longwing: (Infohazard)
Considering Asperger's from a dyslexic's perspective, you'd think I'd be more inclined to defend the legitimacy of Asperger's. I'm not. If anything, it makes me a harsher critic. Are most Aspies legitimate, or victims of a culture of over diagnosis? Is it truly a disability when it doesn't significantly impact one's ability to function? Aspies have a lot of trouble getting dates and interacting in social situations. We have a word for that: Geek.

It's worth pointing out that the number of Asperger's diagnosed individuals rises sharply in the Geek subculture. Proponents of the disease claim that our subculture lends itself well to the acceptance of people with Asperger's. This may well be the case, but if you read the symptom list for Aspergers, it looks an awful lot like a psych profile of the standard brainy geek. A number of the symptom lists read like astronomy charts: "Aspies are bad at math, except for some rare cases that are significantly better at math." Really? So what you're actually saying is that mathematical aptitude has nothing do do with your syndrome, because there's no pattern. Why include mention of math at all? The symptom lists cast a wide net, with a lot of opportunity to get yourself caught.

So on it's face, I'm quickly inclined to disbelieve in Aspergers; but dyslexia stops me from making a snap judgment. I know what it's like to have a disability that no one can see, and that no one really understands.

So I'm left torn. In a culture of massive over diagnosis, is Aspergers merely a parent's attempt explain their child's inability to socialize? In a society of massive stigma against mental disabilities, is such a judgment just motivated by prejudice?

I don't know.
longwing: (Infohazard)
For me considering Aspergers, will always be framed by my personal journey through a completely unrelated mental disability.

I'm severely dyslexic. I know what it is to have a genuine handicap that exists entirely inside my skull. Nothing separates a dyslexic from a crowd. This leaves people constantly suspicious. Dyslexia is often thought of as an excuse to avoid work or to forgive shoddy writing.

For a long time, I mentioned my dyslexia in casual conversation. I felt it was important that people knew about it. I wanted them to see a functioning dyslexic who hadn't been beaten down into pretending to be normal.

I stopped.

Why? Because no matter how open or approachable I tried to be, I felt it did more harm than good. Normal people don't believe in dyslexia, not really. Only other dyslexics believe in dyslexia. Even then, we're so doubtful that we start testing our fellows, we wonder if they're ~really~ dyslexic. "Oh? How many grades of special ed? What's you're WPM? You still flip characters or is that just me? When did you learn to spell?"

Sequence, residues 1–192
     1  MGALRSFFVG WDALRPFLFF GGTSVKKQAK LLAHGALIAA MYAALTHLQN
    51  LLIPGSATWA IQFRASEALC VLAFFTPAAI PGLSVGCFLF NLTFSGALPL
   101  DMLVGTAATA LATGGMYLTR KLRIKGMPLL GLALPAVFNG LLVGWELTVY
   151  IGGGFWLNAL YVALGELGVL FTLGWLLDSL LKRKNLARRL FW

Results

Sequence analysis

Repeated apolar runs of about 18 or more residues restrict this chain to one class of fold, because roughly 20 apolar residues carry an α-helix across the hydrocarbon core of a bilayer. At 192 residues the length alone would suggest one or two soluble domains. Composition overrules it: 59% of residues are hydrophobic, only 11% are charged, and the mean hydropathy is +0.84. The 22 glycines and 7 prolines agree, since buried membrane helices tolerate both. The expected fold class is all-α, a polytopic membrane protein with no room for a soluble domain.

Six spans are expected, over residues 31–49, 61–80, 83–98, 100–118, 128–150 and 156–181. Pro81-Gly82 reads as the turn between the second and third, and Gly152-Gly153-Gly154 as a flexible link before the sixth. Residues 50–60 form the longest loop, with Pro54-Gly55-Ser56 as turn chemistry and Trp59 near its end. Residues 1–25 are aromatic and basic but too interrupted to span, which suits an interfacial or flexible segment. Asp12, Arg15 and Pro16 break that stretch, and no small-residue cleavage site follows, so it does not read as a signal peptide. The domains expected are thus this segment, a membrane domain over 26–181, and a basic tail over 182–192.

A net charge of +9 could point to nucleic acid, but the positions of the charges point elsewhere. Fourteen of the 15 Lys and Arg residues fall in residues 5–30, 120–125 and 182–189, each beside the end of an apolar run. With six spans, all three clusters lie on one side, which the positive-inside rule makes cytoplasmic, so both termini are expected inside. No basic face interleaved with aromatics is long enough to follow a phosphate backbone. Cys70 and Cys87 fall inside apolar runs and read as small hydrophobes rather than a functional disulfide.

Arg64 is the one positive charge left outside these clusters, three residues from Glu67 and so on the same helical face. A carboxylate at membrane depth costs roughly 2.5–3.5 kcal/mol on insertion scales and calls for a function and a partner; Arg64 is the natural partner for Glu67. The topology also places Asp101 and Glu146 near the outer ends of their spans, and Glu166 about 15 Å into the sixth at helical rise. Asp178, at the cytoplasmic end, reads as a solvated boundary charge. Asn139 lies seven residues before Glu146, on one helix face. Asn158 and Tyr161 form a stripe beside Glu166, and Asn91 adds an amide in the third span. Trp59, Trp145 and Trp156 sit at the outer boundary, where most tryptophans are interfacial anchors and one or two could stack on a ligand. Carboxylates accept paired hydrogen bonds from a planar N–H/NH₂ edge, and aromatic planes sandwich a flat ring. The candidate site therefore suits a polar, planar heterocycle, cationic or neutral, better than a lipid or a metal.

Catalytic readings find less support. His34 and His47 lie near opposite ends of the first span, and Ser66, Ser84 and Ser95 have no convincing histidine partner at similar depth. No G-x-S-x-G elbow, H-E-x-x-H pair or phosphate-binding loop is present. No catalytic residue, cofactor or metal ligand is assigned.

We're so suffused in the popular notion of false dyslexia that we turn on each other. And why not? We dyslexics live our entire lives with this condition. I don't know what it's like to be 'normal', because this inner universe is my 'normal'.

The inside of my head isn't really all that fascinating, it's pretty mundane in here. Just every now and again, for no reason at all, I flip a digit or reverse an S. With dyslexia, you start to think we're not ~really~ sick; you're just whining. Oh sure, I should type about twice as fast as I do, and I can't spell to save my life, but are those dyslexia? Aren't they just shortcomings because I'm lazy? Am I bad with names because of the way I'm wired, or am I just a careless person who doesn't really like people?

Trick question. All of that is dyslexia. Even the doubt. The doubt isn't wired in, but it's caused by dyslexia all the same. Dyslexia sneaks up on you. I don't actually ~see~ flipped digits or reversed symbols. I'll read a number off a slip of paper (301-555-5289), then I'll dial it into the phone (301-555-2589) and be confused by the wrong number. What? 5289? Of course, That's exactly what it says. How did I miss that? I'm being careless, lazy, stupid...

No.

I'm being dyslexic.
longwing: (Infohazard)
I fell down a rabbit hole last week night. The internet is full of them, someone really should do something about it before they eat all the eCarrots and iLettuce. The hole in question: Wrong Planet, an internet community for people with Aspergers Syndrome.

You know that really creepy feeling you get when an extremely observant person tells you what you're thinking or how you're feeling? No? Trust me that it's very disconcerting. We like to think of ourselves as individuals, unique to ourselves, and ruled by intellect instead of biology, so it's really eerie to see dozens of people thinking the same way you think. It's like staring at a troop of actors who've all been hired to mimic your movements and expressions.

I was left with a distinct lack of sleep, and an overwhelming sense of "holy crap, that's ~me~!" Problems I've always considered to be quirks of my own personality turn out to fit a distinct and identifiable profile.

Do I have Aspergers? I don't know, but the odds are pretty high. Before I can be comfortable with such a diagnosis, I need to consider my feelings towards the 'condition' itself.

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longwing

September 2010

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